- You should evaluate why the situation is making you think negatively.
- Break down the emotions you are feeling and try to identify what you are telling yourself.
- You can find an alternative to your original thought. Instead of jumping straight to, try something along the lines of, “I\’m genuinely trying my best.”
When you are in the midst of thinking, take out your phone and notebook. Take a look at five things that have gone right over the past week.
“These don’t need to be huge achievements. Maybe you cleaned out your car or stuck to your coffee budget. You might be surprised at how much it adds up when you look at it on paper or screen.”
Refer to this list when you find your thoughts are getting out of hand.
Not ready to meditate? There are many ways to ground yourself in the present moment.
Be here now
There are a few ideas.
- Unplug. Shut off your computer or phone for a designated amount of time each day, and spend that time on a single activity.
- Eat mindfully. Treat yourself to one of your favorite meals. Try to find the joy in each bite, and really focus on how the food tastes, smells, and feels in your mouth.
- Get outside. Take a walk outside, even if it’s just a quick lap around the block. Take inventory of what you see along the way, noting any smells that waft by or sounds you hear.
Sometimes, you need to step outside of your usual perspective. Your life experiences, values, and assumptions are what shape the world you see. It is possible to see things from a different point of view.
Jot down some of the thoughts swirling around in your head. Try to investigate how valid each one is. For example, maybe you’re stressing about an upcoming trip because you just know it’s going to be a disaster. But is that really what’s going to happen? What kind of proof do you have to back that up?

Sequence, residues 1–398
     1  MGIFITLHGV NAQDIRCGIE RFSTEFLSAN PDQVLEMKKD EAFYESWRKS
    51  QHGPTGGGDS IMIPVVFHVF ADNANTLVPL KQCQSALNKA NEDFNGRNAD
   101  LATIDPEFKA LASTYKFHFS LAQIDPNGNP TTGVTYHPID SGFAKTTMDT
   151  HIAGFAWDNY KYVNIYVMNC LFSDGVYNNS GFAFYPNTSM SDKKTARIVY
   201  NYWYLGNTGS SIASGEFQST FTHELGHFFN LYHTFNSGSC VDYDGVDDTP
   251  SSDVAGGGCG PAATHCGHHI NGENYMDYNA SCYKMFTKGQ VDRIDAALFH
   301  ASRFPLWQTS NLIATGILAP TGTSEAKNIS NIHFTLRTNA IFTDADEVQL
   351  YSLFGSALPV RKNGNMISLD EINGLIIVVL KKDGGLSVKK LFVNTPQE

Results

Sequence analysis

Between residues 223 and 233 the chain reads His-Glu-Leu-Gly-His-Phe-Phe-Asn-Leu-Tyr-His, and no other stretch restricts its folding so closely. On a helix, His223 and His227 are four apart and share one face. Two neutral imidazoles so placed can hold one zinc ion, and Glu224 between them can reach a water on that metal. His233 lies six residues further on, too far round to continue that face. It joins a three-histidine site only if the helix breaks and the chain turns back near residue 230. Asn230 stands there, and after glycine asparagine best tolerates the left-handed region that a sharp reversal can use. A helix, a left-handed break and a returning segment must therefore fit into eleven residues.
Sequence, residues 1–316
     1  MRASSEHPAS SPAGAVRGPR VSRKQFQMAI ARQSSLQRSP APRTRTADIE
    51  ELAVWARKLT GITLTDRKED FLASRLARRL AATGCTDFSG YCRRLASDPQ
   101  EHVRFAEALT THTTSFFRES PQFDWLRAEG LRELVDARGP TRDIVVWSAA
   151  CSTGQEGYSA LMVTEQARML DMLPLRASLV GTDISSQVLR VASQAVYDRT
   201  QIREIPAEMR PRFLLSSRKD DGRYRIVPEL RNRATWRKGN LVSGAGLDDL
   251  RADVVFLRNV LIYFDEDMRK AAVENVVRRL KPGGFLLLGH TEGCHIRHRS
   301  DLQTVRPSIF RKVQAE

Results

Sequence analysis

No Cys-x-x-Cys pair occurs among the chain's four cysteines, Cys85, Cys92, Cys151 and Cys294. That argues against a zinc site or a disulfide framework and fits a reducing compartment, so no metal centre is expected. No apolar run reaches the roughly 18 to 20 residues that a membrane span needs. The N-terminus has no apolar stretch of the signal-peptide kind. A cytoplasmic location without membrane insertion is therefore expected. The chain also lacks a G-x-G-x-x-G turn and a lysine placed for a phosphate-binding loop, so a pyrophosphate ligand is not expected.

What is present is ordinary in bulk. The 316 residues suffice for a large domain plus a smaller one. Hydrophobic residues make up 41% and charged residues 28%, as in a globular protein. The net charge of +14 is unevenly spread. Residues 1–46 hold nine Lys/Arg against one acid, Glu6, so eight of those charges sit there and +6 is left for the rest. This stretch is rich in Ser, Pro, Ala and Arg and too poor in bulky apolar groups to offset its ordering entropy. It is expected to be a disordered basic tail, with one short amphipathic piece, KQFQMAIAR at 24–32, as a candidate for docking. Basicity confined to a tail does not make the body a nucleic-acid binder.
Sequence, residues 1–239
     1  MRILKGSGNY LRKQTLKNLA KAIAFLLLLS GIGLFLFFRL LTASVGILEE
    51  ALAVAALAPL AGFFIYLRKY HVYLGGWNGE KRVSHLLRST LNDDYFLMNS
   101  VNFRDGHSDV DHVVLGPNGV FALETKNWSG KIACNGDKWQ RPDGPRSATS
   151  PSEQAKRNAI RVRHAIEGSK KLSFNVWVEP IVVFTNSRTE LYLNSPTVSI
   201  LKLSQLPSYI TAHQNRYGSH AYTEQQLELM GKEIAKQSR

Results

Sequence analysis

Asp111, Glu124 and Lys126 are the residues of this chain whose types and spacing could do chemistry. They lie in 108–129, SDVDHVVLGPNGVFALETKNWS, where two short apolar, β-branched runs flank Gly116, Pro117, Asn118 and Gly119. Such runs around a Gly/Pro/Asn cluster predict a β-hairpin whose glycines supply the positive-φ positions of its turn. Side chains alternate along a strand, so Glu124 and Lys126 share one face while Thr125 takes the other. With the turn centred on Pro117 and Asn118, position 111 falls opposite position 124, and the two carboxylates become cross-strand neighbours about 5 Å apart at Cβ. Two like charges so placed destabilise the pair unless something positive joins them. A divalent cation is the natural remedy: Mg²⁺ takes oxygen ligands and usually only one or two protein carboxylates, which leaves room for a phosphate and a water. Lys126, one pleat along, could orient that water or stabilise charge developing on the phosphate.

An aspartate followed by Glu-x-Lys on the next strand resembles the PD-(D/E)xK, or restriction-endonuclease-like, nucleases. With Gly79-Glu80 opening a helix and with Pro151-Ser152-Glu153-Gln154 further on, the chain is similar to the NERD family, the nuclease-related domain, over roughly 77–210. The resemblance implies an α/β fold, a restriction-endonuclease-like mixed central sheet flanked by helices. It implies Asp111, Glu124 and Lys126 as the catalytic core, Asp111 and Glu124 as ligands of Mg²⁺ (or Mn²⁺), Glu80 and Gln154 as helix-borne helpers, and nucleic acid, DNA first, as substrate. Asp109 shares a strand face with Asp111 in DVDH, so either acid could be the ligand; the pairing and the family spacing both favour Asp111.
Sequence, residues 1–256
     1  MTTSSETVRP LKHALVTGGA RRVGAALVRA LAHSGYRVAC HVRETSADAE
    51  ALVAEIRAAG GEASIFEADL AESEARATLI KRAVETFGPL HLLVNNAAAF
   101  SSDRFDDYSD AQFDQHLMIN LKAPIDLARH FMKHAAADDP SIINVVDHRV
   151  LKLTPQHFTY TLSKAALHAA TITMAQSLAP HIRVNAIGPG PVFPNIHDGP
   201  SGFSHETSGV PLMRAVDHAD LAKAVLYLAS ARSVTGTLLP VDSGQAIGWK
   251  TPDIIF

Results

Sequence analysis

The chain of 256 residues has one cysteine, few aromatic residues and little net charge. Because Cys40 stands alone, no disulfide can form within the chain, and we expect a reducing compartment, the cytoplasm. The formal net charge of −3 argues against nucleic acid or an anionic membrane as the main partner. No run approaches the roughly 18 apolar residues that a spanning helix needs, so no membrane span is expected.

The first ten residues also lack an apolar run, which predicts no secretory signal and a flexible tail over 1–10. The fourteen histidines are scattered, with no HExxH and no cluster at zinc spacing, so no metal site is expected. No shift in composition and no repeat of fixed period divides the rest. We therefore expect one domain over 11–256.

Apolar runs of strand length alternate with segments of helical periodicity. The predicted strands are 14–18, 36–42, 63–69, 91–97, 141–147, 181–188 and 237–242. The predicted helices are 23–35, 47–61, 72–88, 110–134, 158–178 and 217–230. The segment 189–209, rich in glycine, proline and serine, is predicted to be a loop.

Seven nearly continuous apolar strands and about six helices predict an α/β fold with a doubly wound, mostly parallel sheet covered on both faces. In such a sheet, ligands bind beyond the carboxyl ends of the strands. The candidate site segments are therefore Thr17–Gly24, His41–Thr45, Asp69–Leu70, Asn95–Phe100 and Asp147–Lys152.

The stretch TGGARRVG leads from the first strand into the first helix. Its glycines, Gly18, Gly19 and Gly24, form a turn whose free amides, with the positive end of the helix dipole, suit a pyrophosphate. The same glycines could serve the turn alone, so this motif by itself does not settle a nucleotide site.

“Sometimes, you might think about the same thing over and over, even though you aren’t taking any concrete actions.”
Can you not think about someone you envy? Let your feelings help you make better choices.
When you are visited by the green-eyed monster, be proactive and write down ways you can reach your goals. This will allow you to channel your energy into taking action.
Dwelling on past mistakes keeps you from letting go. If you’re beating yourself up over something you did last week, try refocusing on
There are a few ways to start.
- Take a moment to think about a thought.
- Pay attention to the bodily responses that arise.
- Accept that your feelings are true at the moment.
- You can say “may I accept myself as I am” or “I am enough”
Some things will always be out of your control. Learning how to accept this can go a long way toward curbing overthinking.
“It won’t happen overnight, but it is easier said than done. You can confront situations you worry about if you look for small opportunities. Maybe it is standing up to a bossy co-worker or taking a solo day trip.”
“You don’t have to go it alone. If you want to change your mindset, seek help from a qualified therapist.”